BODHI Batak is a new crop comes from the growing region of Lintong in Northern Sumatra near the shores of Lake Toba. This is a sun-dried and triple-picked type of coffee. It features a grade 1 quality preparation along with a heavy body; a well known characteristic of the region.
Another factor would be the great acidity along with loads of clean and rich tobacco flavor, providing a long lingering finish. BODHI Batak is easily one the cleanest and most meticulously prepared Sumatras you will find.
As mentioned before, BODHI Batak is produced in the Lintong area, however it is one of several projects that Bodhi Leaf is involved with outside of their estate. Bodhi Leaf partnering with Volkopi will provide us with consistently high quality coffee for years to come.
Bodhi Leaf has received and continues to receive a year-round supply of fresh coffee because of Sumatra’s year-round harvest season. Bodhi Leaf, one of only two U.S. importers that Volkopi supplies, visits Sumatra at least once a year to maintain relationships and coffee quality.
Welcome to my Table, here in the corner of this cafe. Today we’re sipping the Sumatra BODHI Batak, from Craft and Mason Coffee Roasters in Lansing, Michigan. Feel free to pull up a chair.
region: Lintong, Sumatra, Indonesia
producer: smallholder farmers
elevation: 1800 meters above sea level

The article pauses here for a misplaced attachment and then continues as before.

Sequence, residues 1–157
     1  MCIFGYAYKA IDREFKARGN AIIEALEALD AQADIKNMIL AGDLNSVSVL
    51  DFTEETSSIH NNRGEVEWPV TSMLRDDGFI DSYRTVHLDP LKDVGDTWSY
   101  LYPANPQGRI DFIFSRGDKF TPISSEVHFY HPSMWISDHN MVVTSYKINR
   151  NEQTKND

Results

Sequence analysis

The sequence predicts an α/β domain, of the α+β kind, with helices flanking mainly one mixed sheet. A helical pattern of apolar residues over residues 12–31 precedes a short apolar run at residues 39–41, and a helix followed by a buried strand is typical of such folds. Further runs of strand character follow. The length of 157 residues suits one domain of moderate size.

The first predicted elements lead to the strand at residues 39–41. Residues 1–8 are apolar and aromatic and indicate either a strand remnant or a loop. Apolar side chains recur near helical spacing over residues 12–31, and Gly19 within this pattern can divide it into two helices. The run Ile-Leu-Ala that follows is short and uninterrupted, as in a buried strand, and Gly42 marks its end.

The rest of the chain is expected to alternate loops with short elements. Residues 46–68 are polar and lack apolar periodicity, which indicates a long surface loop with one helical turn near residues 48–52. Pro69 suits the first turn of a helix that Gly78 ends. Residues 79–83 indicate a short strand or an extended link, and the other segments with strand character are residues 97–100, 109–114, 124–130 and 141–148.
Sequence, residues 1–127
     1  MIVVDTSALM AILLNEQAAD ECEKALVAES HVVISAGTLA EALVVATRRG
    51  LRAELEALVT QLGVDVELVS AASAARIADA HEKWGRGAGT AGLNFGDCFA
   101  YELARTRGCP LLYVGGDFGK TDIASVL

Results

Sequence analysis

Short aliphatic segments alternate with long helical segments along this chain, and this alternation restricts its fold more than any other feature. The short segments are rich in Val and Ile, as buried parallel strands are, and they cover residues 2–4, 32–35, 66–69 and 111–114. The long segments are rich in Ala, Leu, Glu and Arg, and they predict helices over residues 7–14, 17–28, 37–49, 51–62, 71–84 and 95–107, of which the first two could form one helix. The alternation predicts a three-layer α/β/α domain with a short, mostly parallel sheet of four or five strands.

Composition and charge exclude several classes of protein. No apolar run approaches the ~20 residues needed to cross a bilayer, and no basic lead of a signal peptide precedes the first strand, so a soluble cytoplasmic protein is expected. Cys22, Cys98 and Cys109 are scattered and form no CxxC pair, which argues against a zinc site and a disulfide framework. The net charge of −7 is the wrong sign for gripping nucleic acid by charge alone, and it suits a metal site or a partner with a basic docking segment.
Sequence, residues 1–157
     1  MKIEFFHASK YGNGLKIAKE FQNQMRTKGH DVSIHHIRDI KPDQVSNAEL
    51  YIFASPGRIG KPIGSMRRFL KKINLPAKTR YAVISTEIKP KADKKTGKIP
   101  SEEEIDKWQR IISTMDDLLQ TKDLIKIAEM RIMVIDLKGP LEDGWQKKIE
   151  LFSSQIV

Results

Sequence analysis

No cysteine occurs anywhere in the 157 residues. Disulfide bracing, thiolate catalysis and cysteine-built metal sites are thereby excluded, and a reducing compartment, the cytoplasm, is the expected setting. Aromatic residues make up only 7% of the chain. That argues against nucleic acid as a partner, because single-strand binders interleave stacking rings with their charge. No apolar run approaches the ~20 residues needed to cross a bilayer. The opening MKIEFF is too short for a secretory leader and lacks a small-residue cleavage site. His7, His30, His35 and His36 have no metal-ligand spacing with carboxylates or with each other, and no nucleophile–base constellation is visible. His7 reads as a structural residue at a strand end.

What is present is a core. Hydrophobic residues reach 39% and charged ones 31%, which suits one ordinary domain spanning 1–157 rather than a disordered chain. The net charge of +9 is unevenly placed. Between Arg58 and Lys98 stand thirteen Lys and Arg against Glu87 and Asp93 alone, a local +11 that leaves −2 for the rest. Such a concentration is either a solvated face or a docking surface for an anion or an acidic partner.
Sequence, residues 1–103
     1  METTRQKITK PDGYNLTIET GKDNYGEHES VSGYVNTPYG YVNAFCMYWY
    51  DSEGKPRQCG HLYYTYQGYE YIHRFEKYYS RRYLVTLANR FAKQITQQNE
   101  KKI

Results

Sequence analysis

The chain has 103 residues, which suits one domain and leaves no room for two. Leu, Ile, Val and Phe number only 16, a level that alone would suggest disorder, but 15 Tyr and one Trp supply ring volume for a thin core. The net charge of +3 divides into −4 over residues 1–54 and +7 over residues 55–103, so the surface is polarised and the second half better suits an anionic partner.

cultivars: Ateng, Timtim, Djember
The aroma of the Bodhi Batak is very powerful. It overwhelms my nostrils with all sorts of defects: roast, carbon, savory, pepper…
Oh man. Wow. This coffee is too much. This is a full-bodied coffee that really doesn’t hold anything back—but I don’t mean that in a good way. My palate is absolutely inundated with flavors of musty earth, raw ginger root, tobacco leaves, black pepper, burnt sugar, alkaline, copper wire, peanut shell, and too much roast.
And these flavors don’t back off – not even when the cup cools. It’s a coffee that doesn’t quit… unfortunately.
Full body; chewy mouthfeel; no acidity; astringent finish.
THE BOTTOM LINE:
The Sumatra Bodhi Batak, from Craft and Mason Coffee Roasters, is a coffee that I really wanted to like. I wanted to love it, because Batak coffees are typically some of my favorites. I like that they’re diamonds in the rough – these beautiful coffees with lush and juicy flavors from a region that is traditionally the laughing stock of the coffee world. Sumatra is notorious for being shrouded in mystery and the coffees from Sumatra are even more notorious for tasting terrible. But the Lake Toba area in Northern Sumatra – one can find some really exceptional coffee there.
So one can imagine my disappointment with this particular Batak coffee. It tasted less like a specifically Lake Toban coffee and much more like a generic Sumatran coffee. The beans themselves seemed to taste defective and the roast made it all the worse.
Did you like this? Comments, questions, and suggestions are always welcome here at the Table! Pull up a chair and speak your mind by entering a comment below. Also remember to like us on Facebook, and follow us on Twitter!
Andrew is a husband, father, dog lover, craft beverage enthusiast, content creator, and niche market Internet celebrity. Formerly of A Table in the Corner of the Cafe and The Pulitzer Project and contributor to Barista Magazine and Mental Floss, he’s been writing on the Internet for years.